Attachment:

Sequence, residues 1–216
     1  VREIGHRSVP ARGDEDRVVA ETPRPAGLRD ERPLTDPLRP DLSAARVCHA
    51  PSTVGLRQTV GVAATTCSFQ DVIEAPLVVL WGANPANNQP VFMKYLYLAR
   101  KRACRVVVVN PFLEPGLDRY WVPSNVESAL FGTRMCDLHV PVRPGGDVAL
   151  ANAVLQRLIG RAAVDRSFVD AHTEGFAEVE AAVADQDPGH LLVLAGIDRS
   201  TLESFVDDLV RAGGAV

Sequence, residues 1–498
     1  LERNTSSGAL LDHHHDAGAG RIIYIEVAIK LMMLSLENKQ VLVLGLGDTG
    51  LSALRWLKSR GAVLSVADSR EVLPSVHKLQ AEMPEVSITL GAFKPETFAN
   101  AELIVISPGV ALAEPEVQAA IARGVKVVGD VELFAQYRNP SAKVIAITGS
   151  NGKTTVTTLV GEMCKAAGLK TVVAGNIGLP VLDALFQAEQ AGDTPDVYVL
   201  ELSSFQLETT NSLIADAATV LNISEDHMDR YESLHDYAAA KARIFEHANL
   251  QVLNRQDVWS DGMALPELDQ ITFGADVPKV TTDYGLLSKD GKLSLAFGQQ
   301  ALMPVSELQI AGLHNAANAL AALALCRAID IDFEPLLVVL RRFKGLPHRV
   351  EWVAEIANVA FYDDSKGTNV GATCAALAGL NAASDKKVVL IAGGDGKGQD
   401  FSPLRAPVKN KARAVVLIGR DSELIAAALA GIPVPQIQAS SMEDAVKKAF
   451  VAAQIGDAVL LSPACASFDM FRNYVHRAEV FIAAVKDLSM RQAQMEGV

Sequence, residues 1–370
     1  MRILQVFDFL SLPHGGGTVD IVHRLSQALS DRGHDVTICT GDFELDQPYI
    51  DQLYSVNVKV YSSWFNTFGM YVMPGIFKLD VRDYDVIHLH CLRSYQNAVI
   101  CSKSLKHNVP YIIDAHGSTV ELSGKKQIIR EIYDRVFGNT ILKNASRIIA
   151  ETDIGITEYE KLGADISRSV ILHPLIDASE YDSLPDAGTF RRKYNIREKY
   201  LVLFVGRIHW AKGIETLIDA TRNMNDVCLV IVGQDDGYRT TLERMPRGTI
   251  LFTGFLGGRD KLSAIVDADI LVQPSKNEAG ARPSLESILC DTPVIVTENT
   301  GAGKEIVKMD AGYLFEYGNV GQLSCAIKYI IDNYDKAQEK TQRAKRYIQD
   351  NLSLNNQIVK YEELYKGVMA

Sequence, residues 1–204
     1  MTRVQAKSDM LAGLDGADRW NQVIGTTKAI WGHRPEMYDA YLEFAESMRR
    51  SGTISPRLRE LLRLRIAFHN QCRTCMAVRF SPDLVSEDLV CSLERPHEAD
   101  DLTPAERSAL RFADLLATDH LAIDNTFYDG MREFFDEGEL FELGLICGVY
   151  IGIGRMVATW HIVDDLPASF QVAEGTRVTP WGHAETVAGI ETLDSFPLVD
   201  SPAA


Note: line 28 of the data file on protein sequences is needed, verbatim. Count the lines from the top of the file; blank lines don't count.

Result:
     1  MTRVQAKSDM LAGLDGADRW NQVIGTTKAI WGHRPEMYDA YLEFAESMRR